Peter’s Take is a weekly opinion column. The views and opinions expressed in this column are those of the author and do not necessarily reflect the views of ARLnow.com.
A recent ARLnow.com story asked the question: “Why doesn’t Arlington ask developers for school funding?” County leaders quoted in the story bobbed and weaved, but failed to provide convincing answers.
County Attorney Steve MacIsaac seemed to suggest that current state law severely limits the extent to which such developer contributions could be required. But, MacIsaac didn’t explain exactly why such developer contributions are not similarly limited in neighboring jurisdictions like Fairfax.
Is MacIsaac claiming that, with respect to developer proffers, Arlington has a different legal status under Virginia law than Fairfax? If so, he needs to explain that fully. If that’s the situation, then any Arlington legislator could seek necessary changes in state law.
Arlington County Board Chair Jay Fisette was similarly opaque. Fisette was quoted as saying, “if we would have to undo our current structure to be able to replicate what’s done in Loudoun, I think that would be ill-advised.” Why would it be ill advised? Fisette didn’t explain.
Fisette was somewhat more candid on the Kojo Politics Hour. When a caller noted that projections of rapid school enrollment growth suggested Arlington would have real trouble financing the construction costs of seats for new students, Fisette admitted: “We are victims of our own success.”
Precisely because Arlington students and their parents indeed would be the victims of this kind of “success,” the public is rightfully calling for a completely transparent discussion of the developer proffer issue.
It was troubling to read several comments to the ARLnow.com story claiming that County Board members have threatened School Board members that there would be adverse consequences to the school system if the proffer issue were discussed publicly. Claims like these could be either true or false. But, the issue of developer proffers is real, and deserves a full, fair and extensive public discussion.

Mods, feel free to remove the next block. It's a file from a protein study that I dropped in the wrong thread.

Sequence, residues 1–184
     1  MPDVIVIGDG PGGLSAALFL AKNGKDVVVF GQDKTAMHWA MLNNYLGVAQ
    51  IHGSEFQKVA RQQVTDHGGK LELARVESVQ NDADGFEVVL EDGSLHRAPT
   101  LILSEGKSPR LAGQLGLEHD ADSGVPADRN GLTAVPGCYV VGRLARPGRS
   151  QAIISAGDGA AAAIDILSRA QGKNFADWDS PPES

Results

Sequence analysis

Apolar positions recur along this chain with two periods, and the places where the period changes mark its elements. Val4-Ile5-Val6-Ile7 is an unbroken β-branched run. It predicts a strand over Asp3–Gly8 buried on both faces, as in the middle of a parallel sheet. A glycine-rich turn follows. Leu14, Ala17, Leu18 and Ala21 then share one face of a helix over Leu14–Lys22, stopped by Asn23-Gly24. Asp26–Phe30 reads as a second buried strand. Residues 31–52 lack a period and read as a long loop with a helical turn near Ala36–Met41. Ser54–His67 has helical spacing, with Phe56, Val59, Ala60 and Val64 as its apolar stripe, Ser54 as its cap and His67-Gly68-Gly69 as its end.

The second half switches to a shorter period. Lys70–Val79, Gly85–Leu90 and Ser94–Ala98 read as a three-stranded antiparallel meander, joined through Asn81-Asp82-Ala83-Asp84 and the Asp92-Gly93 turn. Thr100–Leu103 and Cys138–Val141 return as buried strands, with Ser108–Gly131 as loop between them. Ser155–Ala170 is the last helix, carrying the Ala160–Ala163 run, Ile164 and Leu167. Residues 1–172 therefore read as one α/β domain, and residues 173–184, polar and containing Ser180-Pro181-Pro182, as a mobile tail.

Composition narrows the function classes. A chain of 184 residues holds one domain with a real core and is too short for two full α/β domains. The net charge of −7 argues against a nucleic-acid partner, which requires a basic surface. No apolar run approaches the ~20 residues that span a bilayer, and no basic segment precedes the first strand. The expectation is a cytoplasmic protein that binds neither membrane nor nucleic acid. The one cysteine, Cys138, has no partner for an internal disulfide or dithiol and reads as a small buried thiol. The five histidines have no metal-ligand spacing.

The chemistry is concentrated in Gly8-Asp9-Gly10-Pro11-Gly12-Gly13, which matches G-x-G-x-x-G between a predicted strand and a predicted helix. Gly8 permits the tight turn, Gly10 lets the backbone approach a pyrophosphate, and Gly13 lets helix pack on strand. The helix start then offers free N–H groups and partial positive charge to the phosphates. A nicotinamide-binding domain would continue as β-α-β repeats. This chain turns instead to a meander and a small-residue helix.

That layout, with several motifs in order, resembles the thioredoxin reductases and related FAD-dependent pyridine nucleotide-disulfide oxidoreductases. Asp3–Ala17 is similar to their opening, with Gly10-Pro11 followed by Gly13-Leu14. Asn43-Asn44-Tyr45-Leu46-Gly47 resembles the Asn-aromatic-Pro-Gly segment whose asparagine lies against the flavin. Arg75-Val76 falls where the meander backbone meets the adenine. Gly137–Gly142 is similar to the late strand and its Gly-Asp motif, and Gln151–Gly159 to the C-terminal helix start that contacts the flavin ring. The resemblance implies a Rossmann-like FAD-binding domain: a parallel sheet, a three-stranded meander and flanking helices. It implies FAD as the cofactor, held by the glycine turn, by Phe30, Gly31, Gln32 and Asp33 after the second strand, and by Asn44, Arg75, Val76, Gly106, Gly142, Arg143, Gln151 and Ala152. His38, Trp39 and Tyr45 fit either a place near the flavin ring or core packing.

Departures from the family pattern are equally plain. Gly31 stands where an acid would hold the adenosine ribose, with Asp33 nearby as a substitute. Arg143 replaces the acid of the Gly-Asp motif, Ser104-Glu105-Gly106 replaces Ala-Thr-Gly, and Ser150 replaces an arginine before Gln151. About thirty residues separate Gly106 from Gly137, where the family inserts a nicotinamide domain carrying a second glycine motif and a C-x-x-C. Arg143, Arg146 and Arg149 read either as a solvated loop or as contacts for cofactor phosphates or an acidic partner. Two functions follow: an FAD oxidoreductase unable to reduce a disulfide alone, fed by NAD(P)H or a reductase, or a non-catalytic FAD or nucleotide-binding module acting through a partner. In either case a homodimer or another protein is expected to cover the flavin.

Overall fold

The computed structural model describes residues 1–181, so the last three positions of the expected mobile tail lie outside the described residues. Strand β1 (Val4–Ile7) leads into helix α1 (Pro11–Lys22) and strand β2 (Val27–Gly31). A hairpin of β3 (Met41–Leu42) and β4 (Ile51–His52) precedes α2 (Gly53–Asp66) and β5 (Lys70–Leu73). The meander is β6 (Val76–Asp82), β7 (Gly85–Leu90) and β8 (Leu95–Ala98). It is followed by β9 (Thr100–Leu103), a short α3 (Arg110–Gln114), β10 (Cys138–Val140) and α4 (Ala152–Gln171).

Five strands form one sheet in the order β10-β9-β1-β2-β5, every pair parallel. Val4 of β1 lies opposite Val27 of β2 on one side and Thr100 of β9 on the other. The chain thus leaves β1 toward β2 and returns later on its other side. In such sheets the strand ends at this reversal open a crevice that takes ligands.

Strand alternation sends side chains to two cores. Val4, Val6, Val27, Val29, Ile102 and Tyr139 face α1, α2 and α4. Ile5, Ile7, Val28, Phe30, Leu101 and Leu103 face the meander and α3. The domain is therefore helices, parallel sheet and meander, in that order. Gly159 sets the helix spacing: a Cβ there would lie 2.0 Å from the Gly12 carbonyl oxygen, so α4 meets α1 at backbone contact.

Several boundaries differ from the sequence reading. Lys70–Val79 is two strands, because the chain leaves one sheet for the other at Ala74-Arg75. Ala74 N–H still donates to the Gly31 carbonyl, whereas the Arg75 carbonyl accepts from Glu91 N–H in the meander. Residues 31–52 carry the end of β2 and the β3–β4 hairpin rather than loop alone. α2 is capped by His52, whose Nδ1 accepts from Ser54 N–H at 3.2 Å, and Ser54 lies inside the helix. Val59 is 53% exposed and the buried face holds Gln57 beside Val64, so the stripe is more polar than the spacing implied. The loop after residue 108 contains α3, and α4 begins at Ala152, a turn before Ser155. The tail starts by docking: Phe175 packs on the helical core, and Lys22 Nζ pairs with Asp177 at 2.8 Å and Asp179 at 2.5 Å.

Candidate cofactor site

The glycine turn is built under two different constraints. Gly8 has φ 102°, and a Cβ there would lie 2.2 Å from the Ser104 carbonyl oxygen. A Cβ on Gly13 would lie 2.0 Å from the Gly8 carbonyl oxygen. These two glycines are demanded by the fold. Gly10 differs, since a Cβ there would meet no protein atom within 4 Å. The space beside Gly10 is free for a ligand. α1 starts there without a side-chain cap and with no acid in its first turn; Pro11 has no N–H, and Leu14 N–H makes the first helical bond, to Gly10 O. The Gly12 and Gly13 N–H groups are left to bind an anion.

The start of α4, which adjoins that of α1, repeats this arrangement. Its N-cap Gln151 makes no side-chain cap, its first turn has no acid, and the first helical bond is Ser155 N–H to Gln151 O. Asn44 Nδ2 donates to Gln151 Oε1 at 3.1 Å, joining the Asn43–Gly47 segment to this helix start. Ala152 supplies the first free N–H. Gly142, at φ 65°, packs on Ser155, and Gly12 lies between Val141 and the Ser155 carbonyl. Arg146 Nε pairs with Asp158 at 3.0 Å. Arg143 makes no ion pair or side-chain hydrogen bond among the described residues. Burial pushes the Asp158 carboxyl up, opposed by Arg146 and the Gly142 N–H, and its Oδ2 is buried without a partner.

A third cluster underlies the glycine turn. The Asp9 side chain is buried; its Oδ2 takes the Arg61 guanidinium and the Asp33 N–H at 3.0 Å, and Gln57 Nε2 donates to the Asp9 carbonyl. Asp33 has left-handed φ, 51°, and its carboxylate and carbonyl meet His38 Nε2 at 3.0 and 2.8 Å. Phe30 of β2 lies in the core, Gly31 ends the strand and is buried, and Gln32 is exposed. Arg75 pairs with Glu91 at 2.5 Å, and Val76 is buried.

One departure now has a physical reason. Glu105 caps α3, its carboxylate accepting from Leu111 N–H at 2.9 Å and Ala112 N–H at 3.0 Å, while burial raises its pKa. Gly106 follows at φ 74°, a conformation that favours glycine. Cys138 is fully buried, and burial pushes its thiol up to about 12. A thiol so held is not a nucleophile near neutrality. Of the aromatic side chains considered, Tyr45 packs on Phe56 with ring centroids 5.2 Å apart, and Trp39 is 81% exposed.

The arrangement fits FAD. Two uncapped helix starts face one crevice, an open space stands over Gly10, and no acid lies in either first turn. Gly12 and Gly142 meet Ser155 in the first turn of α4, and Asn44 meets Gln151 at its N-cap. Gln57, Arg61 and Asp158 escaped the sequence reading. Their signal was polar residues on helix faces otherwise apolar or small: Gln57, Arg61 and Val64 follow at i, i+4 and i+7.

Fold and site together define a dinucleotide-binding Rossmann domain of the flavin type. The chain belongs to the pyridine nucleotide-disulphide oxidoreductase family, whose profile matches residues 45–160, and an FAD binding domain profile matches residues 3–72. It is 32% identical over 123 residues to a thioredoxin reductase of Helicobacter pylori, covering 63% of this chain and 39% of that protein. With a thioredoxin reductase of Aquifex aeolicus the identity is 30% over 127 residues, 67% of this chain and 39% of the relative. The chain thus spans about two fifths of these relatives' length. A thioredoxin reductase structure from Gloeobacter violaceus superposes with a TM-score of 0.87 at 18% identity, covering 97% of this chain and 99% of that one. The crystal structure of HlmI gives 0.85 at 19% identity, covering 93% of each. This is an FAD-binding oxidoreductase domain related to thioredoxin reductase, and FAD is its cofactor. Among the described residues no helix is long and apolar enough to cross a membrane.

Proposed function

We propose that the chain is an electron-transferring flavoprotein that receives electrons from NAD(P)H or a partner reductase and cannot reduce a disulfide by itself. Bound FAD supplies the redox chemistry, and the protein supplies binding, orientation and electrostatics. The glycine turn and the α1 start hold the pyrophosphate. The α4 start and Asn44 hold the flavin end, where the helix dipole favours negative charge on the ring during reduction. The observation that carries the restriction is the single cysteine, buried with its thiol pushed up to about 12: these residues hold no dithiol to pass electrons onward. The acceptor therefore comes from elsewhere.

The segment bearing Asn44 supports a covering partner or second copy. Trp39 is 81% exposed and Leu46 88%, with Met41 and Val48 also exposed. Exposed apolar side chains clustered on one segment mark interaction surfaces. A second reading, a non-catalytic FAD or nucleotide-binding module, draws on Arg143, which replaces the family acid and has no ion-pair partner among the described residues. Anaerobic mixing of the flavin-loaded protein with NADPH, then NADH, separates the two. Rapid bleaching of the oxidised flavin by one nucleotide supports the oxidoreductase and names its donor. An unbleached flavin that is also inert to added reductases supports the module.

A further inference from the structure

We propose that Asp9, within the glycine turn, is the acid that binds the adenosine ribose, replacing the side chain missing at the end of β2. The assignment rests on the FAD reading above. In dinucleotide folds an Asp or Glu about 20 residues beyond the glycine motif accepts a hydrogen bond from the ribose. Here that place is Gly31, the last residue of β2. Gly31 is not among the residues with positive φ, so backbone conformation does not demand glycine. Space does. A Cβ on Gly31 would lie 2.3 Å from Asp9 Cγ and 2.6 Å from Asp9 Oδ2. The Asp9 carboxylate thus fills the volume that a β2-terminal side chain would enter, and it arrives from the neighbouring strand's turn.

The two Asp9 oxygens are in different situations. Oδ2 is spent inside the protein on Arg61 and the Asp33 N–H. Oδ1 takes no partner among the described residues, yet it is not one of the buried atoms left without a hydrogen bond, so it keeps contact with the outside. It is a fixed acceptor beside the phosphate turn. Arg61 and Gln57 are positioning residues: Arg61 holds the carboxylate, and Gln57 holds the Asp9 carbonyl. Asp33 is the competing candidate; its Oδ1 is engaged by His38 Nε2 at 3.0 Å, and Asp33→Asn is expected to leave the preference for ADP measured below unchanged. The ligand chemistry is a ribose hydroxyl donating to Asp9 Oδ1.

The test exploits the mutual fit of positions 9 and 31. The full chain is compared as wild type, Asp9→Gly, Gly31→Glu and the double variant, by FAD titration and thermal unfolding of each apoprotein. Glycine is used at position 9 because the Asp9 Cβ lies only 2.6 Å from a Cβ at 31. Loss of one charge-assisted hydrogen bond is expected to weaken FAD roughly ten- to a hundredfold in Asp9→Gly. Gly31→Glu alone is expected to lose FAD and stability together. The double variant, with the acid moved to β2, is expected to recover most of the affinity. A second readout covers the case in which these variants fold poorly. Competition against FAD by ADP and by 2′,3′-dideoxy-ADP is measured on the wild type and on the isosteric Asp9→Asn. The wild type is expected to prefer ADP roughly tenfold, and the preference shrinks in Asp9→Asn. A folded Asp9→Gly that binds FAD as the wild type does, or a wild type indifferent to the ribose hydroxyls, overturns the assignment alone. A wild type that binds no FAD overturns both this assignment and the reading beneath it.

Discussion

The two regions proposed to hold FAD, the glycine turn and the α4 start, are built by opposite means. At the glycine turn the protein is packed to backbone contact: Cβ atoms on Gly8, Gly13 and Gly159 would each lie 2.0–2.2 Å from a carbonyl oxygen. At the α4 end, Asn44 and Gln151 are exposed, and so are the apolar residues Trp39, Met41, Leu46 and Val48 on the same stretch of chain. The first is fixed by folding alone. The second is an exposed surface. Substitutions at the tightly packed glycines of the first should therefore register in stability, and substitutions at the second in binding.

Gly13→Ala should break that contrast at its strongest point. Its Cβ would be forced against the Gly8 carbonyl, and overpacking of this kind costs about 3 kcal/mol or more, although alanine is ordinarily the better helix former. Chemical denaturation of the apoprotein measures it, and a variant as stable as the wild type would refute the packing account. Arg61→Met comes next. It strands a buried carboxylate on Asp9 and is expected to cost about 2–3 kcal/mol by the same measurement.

It was welcome news to learn that such a public discussion could take place at the January meeting of the Arlington Civic Federation. A Sun-Gazette story about the Civ Fed’s plans suggested that County leaders might be reluctant to open up this issue because developer proffers for new school construction might be “a zero sum game.” If so, such proffers might have to be offset by comparable cuts in developer contributions for other things, like affordable housing or public art.
We need a robust public discussion of questions like these:
- Is it really a zero sum game?
- Which priorities matter most?
- If we can’t even afford to pay for the seats for new students required by recent development, why shouldn’t we slow future development until we catch up?
Peter Rousselot is a former member of the Central Committee of the Democratic Party of Virginia and former chair of the Arlington County Democratic Committee.